Pro captu lectoris habent sua fata libelli. Truly, the fate of books depends upon the discernment of their readers. My books have already received 87 reviews. None, not the London Times, not Izvestia, not even the Jerusalem Post, thought to — twice! — denounce me for being overly moral. Except MERIP Reports.
Israel Shahak has long proclaimed that the magazine is morally bankrupt, for its refusal to deal with American Jewish racism. As always on matters of fact, he is correct. This writer will testify that I had previously submitted a manuscript to MERIP, after discussion with Jim Paul, on the status of American Jewry and its relationship to the Democratic Party, and that it was rejected. Then it was ultimately accepted on all major points and run by Freedomways, widely read and discussed in the black movement, and then entered into the Congressional Record by Rep. John Conyers. Shahak is correct: The magazine, and particularly Jim Paul, is [sic] morally bankrupt, and this cowardice received its official enshrinement in its ideology, with the two bizarre attacks on me for being overly moral. There can be no mincing words, no hypocrisy, no evasions: It is MERIP Reports that has no morality worthy of the name!
The general public will profit from reading almost any magazine on the Middle East. But those of us who specialize in the region are not in need of the further services of a boring academic review, always far behind events, demonstrating not the slightest insight, of nondescript, reformist and cowardly politics. I will be proud to assist Professor Shahak in his absolutely justified campaign to expose the magazine.
For a democratic secular Palestine in a democratic secular world,
The article in your January 1985 issue, “Sifting the Berkeley Left,” starts out with an interesting question concerning the defeat of a mildly worded referendum on US support for Israeli settlements: “What’s going on here?”
Unfortunately, the article leaves the question unanswered by asserting that “the most important factor affecting the outcome of this campaign was money,” and that “the second key factor…was the lack of professional campaign advice and experience.” Nowhere did the author find it appropriate to mention the influence of Zionism in the US (including within the left). In fact, the word Zionist fails to appear in the article at all.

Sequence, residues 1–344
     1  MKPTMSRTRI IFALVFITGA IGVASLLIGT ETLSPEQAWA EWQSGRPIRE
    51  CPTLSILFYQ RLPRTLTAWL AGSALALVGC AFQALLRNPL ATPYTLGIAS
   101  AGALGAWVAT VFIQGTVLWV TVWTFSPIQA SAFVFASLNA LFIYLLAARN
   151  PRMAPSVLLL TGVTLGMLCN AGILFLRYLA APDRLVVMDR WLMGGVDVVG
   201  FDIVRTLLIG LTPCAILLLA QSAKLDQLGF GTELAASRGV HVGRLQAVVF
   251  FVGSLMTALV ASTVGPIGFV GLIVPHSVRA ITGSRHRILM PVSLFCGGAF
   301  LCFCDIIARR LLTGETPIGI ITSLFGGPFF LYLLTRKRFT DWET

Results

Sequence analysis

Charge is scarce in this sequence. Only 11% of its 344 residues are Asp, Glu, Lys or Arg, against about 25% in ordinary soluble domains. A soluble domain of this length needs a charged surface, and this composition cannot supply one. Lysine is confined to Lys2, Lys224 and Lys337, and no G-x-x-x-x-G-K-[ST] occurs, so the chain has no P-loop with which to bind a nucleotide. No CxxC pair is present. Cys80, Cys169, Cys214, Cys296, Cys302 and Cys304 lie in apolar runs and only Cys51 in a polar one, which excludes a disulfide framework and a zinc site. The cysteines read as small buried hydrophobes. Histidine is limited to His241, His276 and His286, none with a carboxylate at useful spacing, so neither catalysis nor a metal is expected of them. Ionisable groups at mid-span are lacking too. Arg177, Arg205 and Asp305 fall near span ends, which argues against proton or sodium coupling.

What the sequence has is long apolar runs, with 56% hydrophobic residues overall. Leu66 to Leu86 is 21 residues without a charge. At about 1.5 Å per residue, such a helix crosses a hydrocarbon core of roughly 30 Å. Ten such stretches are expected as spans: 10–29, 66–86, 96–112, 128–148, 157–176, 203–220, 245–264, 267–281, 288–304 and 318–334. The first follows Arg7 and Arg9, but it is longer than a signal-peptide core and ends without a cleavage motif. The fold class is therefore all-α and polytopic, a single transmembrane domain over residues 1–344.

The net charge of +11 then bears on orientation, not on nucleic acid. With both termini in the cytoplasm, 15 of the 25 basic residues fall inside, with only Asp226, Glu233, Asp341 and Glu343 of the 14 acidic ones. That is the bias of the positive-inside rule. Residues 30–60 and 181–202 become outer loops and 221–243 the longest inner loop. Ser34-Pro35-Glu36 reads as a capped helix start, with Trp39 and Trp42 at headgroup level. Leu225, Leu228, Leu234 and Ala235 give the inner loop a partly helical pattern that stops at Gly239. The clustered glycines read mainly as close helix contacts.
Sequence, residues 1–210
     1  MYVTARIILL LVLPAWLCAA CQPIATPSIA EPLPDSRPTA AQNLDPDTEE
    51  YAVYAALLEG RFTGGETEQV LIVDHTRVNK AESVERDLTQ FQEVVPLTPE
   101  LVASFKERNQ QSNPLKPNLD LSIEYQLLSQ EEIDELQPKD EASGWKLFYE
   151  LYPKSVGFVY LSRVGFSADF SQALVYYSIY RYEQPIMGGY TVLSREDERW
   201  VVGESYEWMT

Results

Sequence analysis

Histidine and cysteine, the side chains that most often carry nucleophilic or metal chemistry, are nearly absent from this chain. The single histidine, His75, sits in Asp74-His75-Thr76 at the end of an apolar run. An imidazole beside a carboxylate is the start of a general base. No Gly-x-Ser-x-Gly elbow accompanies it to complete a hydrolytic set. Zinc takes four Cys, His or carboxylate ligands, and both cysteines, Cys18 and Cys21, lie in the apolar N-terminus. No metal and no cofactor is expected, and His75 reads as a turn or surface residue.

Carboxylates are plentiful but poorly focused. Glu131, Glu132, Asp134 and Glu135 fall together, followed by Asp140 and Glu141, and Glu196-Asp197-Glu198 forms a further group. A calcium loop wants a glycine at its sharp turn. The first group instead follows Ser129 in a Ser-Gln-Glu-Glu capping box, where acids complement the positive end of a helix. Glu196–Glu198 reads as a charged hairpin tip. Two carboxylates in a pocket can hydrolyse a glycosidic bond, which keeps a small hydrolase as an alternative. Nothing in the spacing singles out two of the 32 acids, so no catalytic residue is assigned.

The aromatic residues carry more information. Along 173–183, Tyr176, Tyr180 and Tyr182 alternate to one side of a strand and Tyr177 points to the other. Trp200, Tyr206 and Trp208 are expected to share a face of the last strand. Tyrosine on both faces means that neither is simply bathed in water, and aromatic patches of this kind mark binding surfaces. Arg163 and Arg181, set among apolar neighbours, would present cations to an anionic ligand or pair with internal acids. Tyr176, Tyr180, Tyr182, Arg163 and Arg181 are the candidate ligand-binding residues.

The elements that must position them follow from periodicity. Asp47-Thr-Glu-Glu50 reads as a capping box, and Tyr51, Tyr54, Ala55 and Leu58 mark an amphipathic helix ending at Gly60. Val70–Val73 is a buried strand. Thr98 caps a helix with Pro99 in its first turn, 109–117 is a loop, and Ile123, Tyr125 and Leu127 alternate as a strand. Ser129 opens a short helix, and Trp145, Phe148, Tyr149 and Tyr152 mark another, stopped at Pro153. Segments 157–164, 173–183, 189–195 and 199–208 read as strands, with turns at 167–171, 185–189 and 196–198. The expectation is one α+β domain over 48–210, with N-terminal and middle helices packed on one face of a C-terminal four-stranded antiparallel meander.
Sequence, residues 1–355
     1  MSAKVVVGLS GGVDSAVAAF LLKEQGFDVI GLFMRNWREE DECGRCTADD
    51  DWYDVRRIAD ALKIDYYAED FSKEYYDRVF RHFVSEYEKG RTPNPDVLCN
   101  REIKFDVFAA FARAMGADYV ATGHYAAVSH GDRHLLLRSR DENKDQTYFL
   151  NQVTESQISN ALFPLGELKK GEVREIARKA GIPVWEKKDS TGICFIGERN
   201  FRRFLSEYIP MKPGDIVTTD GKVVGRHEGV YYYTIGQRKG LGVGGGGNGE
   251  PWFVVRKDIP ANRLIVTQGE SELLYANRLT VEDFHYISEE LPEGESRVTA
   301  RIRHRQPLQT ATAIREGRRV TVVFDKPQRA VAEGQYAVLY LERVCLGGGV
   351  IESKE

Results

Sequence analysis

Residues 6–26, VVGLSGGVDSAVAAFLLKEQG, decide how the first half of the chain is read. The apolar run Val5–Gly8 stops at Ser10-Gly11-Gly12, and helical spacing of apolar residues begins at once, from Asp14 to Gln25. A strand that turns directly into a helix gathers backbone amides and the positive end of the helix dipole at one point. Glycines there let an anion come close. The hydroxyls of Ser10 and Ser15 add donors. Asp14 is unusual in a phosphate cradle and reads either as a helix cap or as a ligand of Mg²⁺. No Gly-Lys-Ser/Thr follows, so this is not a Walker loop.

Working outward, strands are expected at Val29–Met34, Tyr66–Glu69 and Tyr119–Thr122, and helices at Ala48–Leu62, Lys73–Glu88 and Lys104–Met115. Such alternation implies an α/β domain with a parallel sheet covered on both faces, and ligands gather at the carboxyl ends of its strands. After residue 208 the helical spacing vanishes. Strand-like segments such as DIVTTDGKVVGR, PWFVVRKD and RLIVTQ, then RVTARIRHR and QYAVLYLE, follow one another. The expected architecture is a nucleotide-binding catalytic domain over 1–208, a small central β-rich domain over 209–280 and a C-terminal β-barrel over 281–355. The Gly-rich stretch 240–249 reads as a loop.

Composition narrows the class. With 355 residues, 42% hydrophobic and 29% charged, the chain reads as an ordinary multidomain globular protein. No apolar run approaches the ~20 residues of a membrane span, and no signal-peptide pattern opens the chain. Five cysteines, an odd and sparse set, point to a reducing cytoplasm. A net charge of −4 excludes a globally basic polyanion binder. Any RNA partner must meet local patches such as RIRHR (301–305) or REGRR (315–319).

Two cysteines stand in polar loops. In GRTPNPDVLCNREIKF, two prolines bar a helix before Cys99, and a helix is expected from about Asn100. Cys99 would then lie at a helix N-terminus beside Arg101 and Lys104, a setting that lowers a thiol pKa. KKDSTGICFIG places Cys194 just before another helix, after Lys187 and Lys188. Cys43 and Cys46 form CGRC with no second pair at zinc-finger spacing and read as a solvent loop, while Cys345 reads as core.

It is high time we faced the fact that the US left — and Berkeley is a good indication of this — is profoundly influenced by Zionism. Alternative explanations for the defeat of Proposition E (and for the relative inattention to the Middle East by the progressive community) do not work unless one buys the kind of technocratic arguments in the article.
Two other California incidents help to confirm my view: Former Congressman Paul McCloskey was hired by a special student program at Stanford University; the same program had previously hired such radicals as Angela Davis. When McCloskey submitted a syllabus indicating he would be critical of Israel, the students refused to pass his book list on to the book store, and his paycheck was delayed for months. At the University of California-San Diego, I worked with progressive students involved in campus co-ops. When I discovered that an article I had submitted for the co-op newsletter was to be used in conjunction with support for co-ops in Israel, I attempted to withdraw the article, but was initially met with derision and physical attacks. Only when I refused to be intimidated was support for Israel’s co-ops deleted.
In each case, it may be possible to argue that the outcome could have been different if more money or technical expertise were available, but it seems to me that without an understanding of the influence of Zionism on the American left, we will not be able to draw the appropriate lessons for future projects, let alone to understand the past.
Your issue on “The PLO and Jordan” (March-April 1985) reinforced the impression I had of your earlier issue, “The PLO Split” (November-December 1983). Then, the views of the opposition to the Fatah-PLO leadership were conspicuously absent. Instead of giving an in-depth and insightful look into [the PLO rebellion of May 1983], you treated it in the same manner other media did. This was evident in your choice of people to write articles and to interview. You accepted the prevalent notion that the split was caused by superficial, non-Palestinian factors. There was little effort to investigate the depth of structural and indigenous causes within the Palestinian movement, particularly within Fatah. The same “mistake” was repeated in your March-April issue. Again, the views of the people in opposition to Arafat and the convening of the PNC session in Amman were absent. This time the absence of opposition views also included the organizations comprising the National Alliance, the Democratic Alliance (including the PFLP), several members of the executive committee of the PLO, about 150 members of the PNC, and the speaker of the PNC, Khaled al-Fahoum. I hope the absence of opposition views was due to an unfortunate oversight. I would like to suggest that you make an effort to hear and present the views of the opposition, whether in Syria, Lebanon, or the US. I also hope that you will redeem this shortcoming in an upcoming issue.
We thank you for your concern and interest in reporting the true news of the Middle East, especially your issue on “The Contest for Arabia” (February 1985). However, we would like to call your attention to a mistake on page 19, in your interview with a representative of the Socialist Labor Party in the Arabian Peninsula. The name of our organization is not the Organization of Islamic Revolution for the Liberation of the Arabian Peninsula; it is the Organization of Islamic Revolution in the Arabian Peninsula. We also include a copy of our monthly periodical, Makka Calling.